ANZ to replace online banking system

The Australia and New Zealand Banking Group (ANZ) will replace its online banking system later this year in an attempt to improve security and add new functionality.
Written by Munir Kotadia, Contributor
update The Australia and New Zealand Banking Group (ANZ) will replace its online banking system later this year in an attempt to improve security and add new functionality.

An ANZ spokesperson said on Thursday that the bank plans to push the new service live by the middle of this year.

"The whole system is going to be replaced in a couple of months. The first implementation will be a mirror of our current functionality -- as we stabilise the new system. We will then look to add functionality. It is a bit early to say when it will hit but certainly in the next three or four months," the spokesperson told ZDNet Australia .

He refused to release any further details about the project.

ANZ's online banking site was criticised earlier this week by Internet security firm SurfControl. The company highlighted weaknesses in the way ANZ has made use of JavaScript because it could help criminals create authentic looking copies of the Web site for use in phishing attacks.

Charles Heunemann, general manager of SurfControl APAC, on Wednesday highlighted the same vulnerability in both ANZ and rival Westpac's online banking sites.

"We had a close look at a number of major banks. The ANZ and Westpac both have some basic password validation, you can easily download most of the JavaScript code for the main banks without too much trouble.... From this it would be very easy... to create a phishing Web site that behaved in exactly the same way as the genuine one," Heunemann told ZDNet Australia .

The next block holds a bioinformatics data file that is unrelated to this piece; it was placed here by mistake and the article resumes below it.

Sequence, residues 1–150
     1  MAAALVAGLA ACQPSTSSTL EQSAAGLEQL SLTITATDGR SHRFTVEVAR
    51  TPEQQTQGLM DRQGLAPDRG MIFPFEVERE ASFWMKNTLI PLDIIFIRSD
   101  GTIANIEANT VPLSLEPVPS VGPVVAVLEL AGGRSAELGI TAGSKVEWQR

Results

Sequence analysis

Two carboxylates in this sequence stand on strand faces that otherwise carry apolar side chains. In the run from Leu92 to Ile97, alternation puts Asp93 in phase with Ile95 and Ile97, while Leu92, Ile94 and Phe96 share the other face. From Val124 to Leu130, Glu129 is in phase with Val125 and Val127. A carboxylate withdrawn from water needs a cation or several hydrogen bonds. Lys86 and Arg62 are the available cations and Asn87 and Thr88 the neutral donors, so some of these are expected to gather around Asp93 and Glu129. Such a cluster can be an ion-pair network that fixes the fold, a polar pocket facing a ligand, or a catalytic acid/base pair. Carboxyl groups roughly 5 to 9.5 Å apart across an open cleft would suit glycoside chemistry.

According to Heunemann, the code could be used in conjunction with a phishing kit to create fraudulent sites.

"By not locking this down the banks just make it a little bit easier for criminals to ply their trade,' added Heunemann.

Paul Jennings, Westpac's head of channel and systems management, told ZDNet Australia  that the bank is investigating the JavaScript issue.

"Westpac takes customer security very seriously, and as a part of this, we are enhancing our fraud prevention through continuous process improvement. The issue that has been raised has been taken into account, and will be actively monitored," said Jennings.

Westpac is is already under pressure to improve its online bank's log-in interface after customers slated the new on-screen keypad.

In response to a ZDNet Australia  news story in February describing the introduction of Westpac's on-screen keypad, users of the system have been critical of the keypad's functionality and even suggested it could make logging onto the online services less secure.

Typical comments from ZDNet Australia  readers are summed up by someone identifying themselves as Ross: "When I use the ATM I cover the buttons with my hand for security. If I can't cover the monitor for security from prying eyes, how can I use Westpac's services in public, at work or overseas in an Internet cafe?"

Westpac's Jennings said the tool was designed purely to reduce the risk from keyloggers stealing customers' passwords: "The new sign on page does not attempt to prevent a standard phishing attack, nor is it designed to comprehensively mitigate all potential avenues of attack, but rather to help mitigate the risk presented by generic keylogging trojans deployed on customer PCs."

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